Gene Sperling, director of the White House National Economic Council, addresses reporters after meeting with state and local leaders about ways the federal government can help the struggling city.
DETROIT — Obama administration officials said Friday that they are sending someone to Detroit to oversee a federal effort that includes millions of dollars in grants to help fix the beleaguered city.
Officials said Don Graves will coordinate the public and private money going to hire more police and firefighters and clear out blighted neighborhoods, among other things. Graves, a Treasury Department official, serves as executive director of the President’s Council on Jobs and Competitiveness.
But critics said the combined $300 million in federal and private funds falls well short of a wider bailout sought by some in the city facing $18 billion in long-term debt.
Several high-ranking White House officials discussed federal efforts and other opportunities Friday during a closed-door meeting at Wayne State University with Gov. Rick Snyder, state-appointed emergency manager Kevyn Orr, Mayor Dave Bing and community and business leaders.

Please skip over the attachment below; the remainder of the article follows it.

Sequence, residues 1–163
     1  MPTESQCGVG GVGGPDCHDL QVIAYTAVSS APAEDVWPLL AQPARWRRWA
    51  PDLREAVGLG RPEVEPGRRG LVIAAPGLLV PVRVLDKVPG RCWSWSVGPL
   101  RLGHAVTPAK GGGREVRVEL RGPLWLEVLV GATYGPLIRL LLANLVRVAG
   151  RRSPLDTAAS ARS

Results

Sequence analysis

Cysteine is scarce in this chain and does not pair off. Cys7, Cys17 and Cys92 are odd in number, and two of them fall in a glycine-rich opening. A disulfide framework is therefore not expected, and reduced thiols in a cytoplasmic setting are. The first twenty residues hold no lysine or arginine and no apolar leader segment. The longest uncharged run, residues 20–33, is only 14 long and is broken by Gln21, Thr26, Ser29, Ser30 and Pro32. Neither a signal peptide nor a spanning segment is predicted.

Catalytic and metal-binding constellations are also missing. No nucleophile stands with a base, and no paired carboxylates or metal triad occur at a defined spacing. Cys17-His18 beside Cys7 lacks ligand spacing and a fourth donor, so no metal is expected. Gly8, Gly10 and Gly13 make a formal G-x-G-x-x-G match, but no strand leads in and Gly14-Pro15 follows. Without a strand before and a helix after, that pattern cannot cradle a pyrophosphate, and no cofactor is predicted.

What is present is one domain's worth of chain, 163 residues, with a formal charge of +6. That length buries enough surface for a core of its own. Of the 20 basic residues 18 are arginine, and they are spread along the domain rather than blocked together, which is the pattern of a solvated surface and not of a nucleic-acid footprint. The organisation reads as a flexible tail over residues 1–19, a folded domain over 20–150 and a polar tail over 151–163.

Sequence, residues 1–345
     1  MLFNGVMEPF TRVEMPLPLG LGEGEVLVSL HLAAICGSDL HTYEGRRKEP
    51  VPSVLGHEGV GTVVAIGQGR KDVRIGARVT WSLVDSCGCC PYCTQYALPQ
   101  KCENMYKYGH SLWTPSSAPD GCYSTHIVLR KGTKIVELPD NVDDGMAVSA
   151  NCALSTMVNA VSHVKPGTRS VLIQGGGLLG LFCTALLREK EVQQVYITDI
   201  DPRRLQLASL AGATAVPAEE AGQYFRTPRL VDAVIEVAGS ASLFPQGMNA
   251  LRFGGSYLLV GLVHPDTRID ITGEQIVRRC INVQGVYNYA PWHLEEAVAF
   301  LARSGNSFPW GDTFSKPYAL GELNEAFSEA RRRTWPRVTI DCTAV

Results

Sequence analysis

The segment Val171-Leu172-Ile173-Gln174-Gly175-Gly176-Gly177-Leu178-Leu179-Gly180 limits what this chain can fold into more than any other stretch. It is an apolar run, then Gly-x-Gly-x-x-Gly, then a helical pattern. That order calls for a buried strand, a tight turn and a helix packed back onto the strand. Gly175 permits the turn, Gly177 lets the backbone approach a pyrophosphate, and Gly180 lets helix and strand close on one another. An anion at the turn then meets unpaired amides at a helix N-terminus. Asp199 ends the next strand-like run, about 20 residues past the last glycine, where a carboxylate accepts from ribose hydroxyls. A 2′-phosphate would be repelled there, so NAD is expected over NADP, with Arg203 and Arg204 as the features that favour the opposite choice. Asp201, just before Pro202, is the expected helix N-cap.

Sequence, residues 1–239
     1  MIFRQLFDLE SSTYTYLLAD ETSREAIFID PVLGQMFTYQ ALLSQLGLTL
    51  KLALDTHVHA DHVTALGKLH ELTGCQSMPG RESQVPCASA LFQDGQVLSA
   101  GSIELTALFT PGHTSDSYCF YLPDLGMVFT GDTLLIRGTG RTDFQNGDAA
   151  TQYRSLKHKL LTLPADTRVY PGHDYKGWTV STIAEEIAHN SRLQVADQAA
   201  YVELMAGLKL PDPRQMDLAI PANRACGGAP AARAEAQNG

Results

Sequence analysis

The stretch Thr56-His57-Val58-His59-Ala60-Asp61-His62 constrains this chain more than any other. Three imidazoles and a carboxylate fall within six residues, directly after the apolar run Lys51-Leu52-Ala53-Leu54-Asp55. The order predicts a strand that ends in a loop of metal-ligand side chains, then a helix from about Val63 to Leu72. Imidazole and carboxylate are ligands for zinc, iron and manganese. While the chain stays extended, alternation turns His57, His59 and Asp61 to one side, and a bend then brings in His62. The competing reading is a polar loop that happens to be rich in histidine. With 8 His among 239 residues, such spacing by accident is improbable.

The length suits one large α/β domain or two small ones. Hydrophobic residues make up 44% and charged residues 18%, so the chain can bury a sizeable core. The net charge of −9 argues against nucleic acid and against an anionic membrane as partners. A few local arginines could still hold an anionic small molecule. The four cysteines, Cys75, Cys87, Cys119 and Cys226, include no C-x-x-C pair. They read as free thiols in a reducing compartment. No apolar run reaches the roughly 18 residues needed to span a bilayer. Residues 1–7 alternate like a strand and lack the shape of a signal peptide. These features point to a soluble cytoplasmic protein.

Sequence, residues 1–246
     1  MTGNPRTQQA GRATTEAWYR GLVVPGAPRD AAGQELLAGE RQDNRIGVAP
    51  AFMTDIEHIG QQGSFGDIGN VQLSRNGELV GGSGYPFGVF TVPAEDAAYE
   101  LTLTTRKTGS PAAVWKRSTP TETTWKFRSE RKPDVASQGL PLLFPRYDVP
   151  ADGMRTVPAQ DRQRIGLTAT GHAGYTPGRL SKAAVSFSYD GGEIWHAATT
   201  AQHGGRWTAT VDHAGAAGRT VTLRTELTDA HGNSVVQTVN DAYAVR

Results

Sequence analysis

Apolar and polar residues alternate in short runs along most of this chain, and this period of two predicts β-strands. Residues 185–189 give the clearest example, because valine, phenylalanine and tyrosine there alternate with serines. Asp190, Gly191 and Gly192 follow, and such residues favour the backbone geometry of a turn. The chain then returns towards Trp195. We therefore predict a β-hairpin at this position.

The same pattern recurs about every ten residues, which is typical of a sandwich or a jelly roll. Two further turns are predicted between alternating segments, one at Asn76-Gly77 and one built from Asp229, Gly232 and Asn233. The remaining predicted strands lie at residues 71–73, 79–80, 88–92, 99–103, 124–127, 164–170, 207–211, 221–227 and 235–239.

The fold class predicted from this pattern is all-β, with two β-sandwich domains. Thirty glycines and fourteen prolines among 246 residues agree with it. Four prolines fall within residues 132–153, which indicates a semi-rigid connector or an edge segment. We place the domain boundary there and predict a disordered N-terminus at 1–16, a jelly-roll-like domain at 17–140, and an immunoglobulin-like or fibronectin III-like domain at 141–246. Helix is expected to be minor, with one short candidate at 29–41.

The $100 million of existing federal funds will be augmented with $200 million more in resources from foundations and businesses.
Detroit this summer became the largest U.S. city to file for bankruptcy protection. Federal officials recognized that the prospect of legislation to bail out the city was extremely low, so the Obama administration pored through the federal budget and found untapped money.
“We knew this was an exceptional circumstance and it deserved an exceptional response,” Gene Sperling, Obama’s chief economic adviser and a Michigan native, told reporters after the meeting.
“What you see here is just a more expedited and aggressive effort because we want to help the people of Detroit to prosper,” he said. “But we also want the rest of the people in the country to understand ... that Detroit, with the right resources and right partnership, has a great future.”MORE IN Wire NewsMIAMI — Travelers who had braced for long lines and long waits were instead moving through most U.S. Full Story
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